Barrett said his association sees this executive order as an important measure "that will further prevent the spread of the virus."
Mairead Painter, the state's long-term care ombudsman, said Wednesday in a Facebook Live update that she thinks this policy will help "ensure that the people who are visiting the nursing homes are COVID-negative, and continue to have those visits taking place, but to allow people to be safe."
White said Beechwood has been asking visitors about their vaccination status for months. It can't deny admission to visitors who are unvaccinated, though the vast majority are vaccinated, with most boosted.
Lamont has gotten pushback for asking nursing homes to take COVID-positive patients from hospitals. DPH guidance from Jan. 6 says that post-acute care providers — which includes nursing homes — "should be equipped to safely care for individuals with active COVID-19 who are ready for discharge from acute care."
It added that any skilled nursing facility unable to care for people with COVID-19 should report reasons why they can't to DPH.
Senate Republican Leader Kevin Kelly, R-Stratford, released a statement Jan. 6 calling on the governor to immediately reverse the policy, saying it's alarming that the governor "has not learned from Connecticut's past experience when it comes to keeping nursing home residents safe" and that we "must explore all other avenues including recovery centers."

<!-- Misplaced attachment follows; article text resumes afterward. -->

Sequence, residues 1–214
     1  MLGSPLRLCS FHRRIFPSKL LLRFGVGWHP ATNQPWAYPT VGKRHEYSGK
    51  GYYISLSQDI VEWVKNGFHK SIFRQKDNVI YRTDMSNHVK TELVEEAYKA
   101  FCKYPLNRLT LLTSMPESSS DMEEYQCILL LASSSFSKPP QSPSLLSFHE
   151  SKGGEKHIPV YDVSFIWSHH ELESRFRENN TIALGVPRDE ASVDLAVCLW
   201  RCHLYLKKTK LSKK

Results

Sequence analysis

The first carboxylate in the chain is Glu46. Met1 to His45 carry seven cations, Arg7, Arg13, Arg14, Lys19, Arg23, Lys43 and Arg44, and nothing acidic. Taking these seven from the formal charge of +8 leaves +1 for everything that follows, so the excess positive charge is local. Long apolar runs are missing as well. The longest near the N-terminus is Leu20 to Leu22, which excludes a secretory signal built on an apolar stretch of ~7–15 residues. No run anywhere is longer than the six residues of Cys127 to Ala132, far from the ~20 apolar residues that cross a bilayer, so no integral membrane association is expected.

Lamont said Thursday that COVID-positive people are "not going to be intermingling with the rest of the population. This is not what you saw in places like New York 18 months ago — very different — and I think we'll be able to do that and keep people safe."
Barrett said Friday the guidance protects facilities' "longstanding and very appropriate authority to deny an admission" when they are unable to address that person's care needs. He also said we have to view the health care system as a whole, which will falter if hospitals are overwhelmed.
White said DPH has been reasonable and understands Beechwood may not be able to accept COVID-positive patients because of lack of staffing or handling its own COVID patients.
Painter said she didn't really understand why there was a question on this issue, as long-term care communities have been admitting people with COVID-19 for over a year now. "They are required to let the residents and other family members know when they admit someone who has COVID, or even if someone within the building acquires COVID," she said.
She added that complaints she's getting from residents are more related to staffing than the coronavirus at this point.